Derbyshire Dales council struggling to find long-term homes for Ukrainian refugees due to high house prices

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President Zelensky’s visit to Britain last week saw promises of open-ended military backing for Ukraine from Prime Minister Rishi Sunak, but here on the home front Derbyshire Dales District Council says it struggling to support refugees from the conflict as they try to rebuild their lives.

Writing in The House magazine – a parliamentary publication for for MPs and peers – on Wednesday, February 8, the district’s director of housing Rob Cogings claims that nationally “the area is now hosting the highest number of Ukrainian refugees per capita.”

While the council has not been able to provide statistical evidence for that claim – papers it published last month said only that the Dales had one of the highest levels in Derbyshire – as the first anniversary of Russia’s invasion approaches, the district is reckoning with long-term arrangements for 108 Ukrainian household groups, 33 of them in Matlock alone.

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Most were initially settled with volunteer hosts via the Homes for Ukraine scheme, but Cogings writes: “The legacy impact of Covid on the supply of housing and the cost of living crisis has meant the council is under significant pressure to meet the needs of both Ukrainian refugees and local people.

Derbyshire Dales District Council is facing another battle in its long-running search for Traveller sites.Derbyshire Dales District Council is facing another battle in its long-running search for Traveller sites.
Derbyshire Dales District Council is facing another battle in its long-running search for Traveller sites.

“As the population of Ukrainian refugees stabilised, the district council undertook a telephone survey of host families to ascertain their future intentions. The survey indicated that 43 host families would not wish to extend the host arrangement beyond 12 months.”

He adds: “More Ukrainian families began to join the housing register and seven have been accepted as homeless. The re-matching service has helped 14 families to move on to a more sustainable home and two have moved in to social housing.

“However, we need to be realistic about how many people we can appropriately house when combined with local need on the housing register. Helping to meet other refugee commitments through the UK Resettlement Scheme (UKRS) and dispersal targets for asylum seekers will add further strain to the wider housing system.”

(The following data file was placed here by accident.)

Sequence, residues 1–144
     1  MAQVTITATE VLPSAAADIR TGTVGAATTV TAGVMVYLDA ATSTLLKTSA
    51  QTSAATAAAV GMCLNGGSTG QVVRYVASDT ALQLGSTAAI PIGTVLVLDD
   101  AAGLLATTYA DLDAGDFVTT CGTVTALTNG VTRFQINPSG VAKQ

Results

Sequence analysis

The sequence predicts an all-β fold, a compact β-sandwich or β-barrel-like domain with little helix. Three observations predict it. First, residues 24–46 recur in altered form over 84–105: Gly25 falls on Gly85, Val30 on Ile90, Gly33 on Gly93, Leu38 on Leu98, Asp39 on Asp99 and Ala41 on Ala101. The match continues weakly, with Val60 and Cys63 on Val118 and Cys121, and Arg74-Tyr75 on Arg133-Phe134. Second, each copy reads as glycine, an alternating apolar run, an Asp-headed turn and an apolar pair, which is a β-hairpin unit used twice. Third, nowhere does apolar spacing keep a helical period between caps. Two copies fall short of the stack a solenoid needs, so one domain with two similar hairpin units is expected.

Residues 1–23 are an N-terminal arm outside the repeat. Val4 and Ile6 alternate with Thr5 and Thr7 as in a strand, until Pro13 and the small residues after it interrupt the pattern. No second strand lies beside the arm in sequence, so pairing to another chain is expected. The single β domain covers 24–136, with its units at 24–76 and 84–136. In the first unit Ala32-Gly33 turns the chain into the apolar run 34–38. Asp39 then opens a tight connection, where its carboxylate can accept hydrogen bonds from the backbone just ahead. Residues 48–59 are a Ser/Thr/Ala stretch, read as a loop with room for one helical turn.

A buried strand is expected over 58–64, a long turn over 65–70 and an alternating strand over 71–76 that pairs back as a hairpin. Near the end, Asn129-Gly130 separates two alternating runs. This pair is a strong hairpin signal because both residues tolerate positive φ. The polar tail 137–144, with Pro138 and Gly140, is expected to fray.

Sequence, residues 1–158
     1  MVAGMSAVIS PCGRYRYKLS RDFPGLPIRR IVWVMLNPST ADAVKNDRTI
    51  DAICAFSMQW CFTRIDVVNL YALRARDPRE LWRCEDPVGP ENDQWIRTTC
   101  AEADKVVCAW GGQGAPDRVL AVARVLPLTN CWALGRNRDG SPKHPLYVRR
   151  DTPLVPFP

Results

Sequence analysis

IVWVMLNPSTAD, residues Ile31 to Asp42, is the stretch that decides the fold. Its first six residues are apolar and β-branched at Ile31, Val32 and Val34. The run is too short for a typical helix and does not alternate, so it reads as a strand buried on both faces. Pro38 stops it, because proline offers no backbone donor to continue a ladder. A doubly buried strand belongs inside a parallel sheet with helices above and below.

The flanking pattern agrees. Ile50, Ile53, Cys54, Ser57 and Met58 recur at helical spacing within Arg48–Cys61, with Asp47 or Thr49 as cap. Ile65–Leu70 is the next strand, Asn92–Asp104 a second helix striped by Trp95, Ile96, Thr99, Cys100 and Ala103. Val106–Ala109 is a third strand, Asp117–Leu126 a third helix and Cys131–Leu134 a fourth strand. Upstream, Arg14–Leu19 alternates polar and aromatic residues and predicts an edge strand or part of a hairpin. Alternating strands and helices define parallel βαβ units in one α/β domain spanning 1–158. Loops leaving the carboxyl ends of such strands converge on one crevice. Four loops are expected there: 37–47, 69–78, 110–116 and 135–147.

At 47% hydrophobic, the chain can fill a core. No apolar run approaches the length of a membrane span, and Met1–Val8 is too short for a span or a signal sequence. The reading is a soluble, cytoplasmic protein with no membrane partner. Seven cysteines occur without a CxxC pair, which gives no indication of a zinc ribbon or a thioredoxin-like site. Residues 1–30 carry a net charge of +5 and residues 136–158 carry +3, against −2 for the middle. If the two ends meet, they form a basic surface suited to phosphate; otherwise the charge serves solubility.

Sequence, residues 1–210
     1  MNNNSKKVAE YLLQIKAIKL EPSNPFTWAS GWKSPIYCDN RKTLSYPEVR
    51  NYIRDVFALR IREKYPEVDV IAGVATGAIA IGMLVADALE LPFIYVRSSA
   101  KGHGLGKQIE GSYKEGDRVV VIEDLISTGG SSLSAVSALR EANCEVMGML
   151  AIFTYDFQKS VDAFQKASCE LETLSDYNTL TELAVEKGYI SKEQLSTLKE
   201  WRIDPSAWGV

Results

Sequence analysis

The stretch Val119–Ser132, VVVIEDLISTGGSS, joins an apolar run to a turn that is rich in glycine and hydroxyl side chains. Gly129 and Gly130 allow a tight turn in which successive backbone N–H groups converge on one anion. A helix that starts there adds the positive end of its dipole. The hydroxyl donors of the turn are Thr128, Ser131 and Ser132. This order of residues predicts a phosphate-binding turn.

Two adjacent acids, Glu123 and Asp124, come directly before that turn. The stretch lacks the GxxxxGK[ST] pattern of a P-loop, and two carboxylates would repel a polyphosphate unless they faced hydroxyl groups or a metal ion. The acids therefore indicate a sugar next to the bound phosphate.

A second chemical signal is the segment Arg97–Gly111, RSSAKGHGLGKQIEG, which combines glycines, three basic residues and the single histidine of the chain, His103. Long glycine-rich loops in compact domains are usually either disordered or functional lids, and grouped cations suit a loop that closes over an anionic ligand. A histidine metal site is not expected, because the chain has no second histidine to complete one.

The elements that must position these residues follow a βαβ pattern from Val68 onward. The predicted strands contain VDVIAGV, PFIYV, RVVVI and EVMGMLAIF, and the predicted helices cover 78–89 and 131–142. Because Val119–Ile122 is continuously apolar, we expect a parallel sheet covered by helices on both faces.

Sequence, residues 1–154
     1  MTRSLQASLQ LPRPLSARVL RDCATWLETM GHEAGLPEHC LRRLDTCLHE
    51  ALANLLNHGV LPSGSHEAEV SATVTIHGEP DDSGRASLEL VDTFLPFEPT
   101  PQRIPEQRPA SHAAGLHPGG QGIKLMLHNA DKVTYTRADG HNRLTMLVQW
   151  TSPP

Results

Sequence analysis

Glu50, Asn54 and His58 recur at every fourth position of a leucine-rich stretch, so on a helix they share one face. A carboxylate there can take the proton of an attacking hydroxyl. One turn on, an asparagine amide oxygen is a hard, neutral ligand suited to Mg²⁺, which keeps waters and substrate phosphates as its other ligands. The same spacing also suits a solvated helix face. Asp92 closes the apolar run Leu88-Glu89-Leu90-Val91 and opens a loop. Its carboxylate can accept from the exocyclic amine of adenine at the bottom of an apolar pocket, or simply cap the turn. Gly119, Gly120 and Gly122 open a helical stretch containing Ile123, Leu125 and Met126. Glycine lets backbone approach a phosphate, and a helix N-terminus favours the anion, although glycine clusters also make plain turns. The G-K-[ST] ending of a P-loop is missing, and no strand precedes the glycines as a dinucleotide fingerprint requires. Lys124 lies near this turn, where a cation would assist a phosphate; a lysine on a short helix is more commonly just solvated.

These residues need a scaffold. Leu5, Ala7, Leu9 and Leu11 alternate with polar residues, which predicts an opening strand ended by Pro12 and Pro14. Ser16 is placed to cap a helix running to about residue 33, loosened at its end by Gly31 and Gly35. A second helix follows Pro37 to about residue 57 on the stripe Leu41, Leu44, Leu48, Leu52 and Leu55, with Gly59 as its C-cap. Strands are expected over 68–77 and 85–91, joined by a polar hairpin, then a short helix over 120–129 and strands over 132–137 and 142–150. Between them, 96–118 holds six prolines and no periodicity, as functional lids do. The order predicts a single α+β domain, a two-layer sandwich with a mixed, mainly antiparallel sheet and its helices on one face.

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The council has been allocated £2million to deliver 18 homes via the Government’s Local Authority Housing Fund, intended to help those facing the most significant housing pressures as a result of Ukrainian arrivals, but the terms of the grant would leave the local authority to meet 60 per cent of the costs.

While councillors have asked officers to prepare a report on delivery options, Cogings believes it will be a tall order in an area like the Dales.

He writes: “In a district with high house prices, this can make the district council’s contribution significant and will tie up much of our own limited capital resources.

“We know what types of housing are required and where in the district we need to provide it. However we know the LAHF programme will not be viable in Peak District villages where open market values are substantial. We will focus on acquisitions in the market towns where lower cost homes become available.

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“The generosity of residents has been substantial, but this is exacerbating the existing housing stress of the Dales. The district council will continue to fully engage and support refugee programmes. However despite the extra resources from government, we are unable to create the homes and tenancies at a rate to meet the needs of residents and refugees alike.”

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